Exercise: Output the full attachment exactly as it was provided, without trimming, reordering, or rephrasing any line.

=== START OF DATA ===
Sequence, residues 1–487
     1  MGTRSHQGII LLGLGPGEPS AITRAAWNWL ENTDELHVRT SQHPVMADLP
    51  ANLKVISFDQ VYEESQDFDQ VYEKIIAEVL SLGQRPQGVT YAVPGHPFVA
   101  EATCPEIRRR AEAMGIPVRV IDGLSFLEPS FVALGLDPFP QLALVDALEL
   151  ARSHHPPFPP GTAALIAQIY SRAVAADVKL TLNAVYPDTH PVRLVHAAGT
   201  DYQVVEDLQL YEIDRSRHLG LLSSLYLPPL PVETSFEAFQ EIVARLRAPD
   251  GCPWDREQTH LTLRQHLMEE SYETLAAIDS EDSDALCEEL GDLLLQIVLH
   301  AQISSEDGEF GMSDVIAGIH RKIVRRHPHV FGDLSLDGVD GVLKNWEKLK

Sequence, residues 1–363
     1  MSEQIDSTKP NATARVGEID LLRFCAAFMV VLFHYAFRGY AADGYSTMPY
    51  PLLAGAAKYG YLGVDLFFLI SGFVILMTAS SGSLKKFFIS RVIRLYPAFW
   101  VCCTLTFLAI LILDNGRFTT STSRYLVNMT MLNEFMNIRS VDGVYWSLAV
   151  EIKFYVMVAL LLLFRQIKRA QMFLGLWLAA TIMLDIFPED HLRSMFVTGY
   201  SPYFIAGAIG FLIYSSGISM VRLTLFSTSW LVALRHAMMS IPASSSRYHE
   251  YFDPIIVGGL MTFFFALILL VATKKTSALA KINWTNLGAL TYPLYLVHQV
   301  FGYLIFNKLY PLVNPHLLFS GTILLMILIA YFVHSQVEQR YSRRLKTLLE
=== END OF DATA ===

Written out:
Sequence, residues 1–487
     1  MGTRSHQGII LLGLGPGEPS AITRAAWNWL ENTDELHVRT SQHPVMADLP
    51  ANLKVISFDQ VYEESQDFDQ VYEKIIAEVL SLGQRPQGVT YAVPGHPFVA
   101  EATCPEIRRR AEAMGIPVRV IDGLSFLEPS FVALGLDPFP QLALVDALEL
   151  ARSHHPPFPP GTAALIAQIY SRAVAADVKL TLNAVYPDTH PVRLVHAAGT
   201  DYQVVEDLQL YEIDRSRHLG LLSSLYLPPL PVETSFEAFQ EIVARLRAPD
   251  GCPWDREQTH LTLRQHLMEE SYETLAAIDS EDSDALCEEL GDLLLQIVLH
   301  AQISSEDGEF GMSDVIAGIH RKIVRRHPHV FGDLSLDGVD GVLKNWEKLK

Sequence, residues 1–363
     1  MSEQIDSTKP NATARVGEID LLRFCAAFMV VLFHYAFRGY AADGYSTMPY
    51  PLLAGAAKYG YLGVDLFFLI SGFVILMTAS SGSLKKFFIS RVIRLYPAFW
   101  VCCTLTFLAI LILDNGRFTT STSRYLVNMT MLNEFMNIRS VDGVYWSLAV
   151  EIKFYVMVAL LLLFRQIKRA QMFLGLWLAA TIMLDIFPED HLRSMFVTGY
   201  SPYFIAGAIG FLIYSSGISM VRLTLFSTSW LVALRHAMMS IPASSSRYHE
   251  YFDPIIVGGL MTFFFALILL VATKKTSALA KINWTNLGAL TYPLYLVHQV
   301  FGYLIFNKLY PLVNPHLLFS GTILLMILIA YFVHSQVEQR YSRRLKTLLE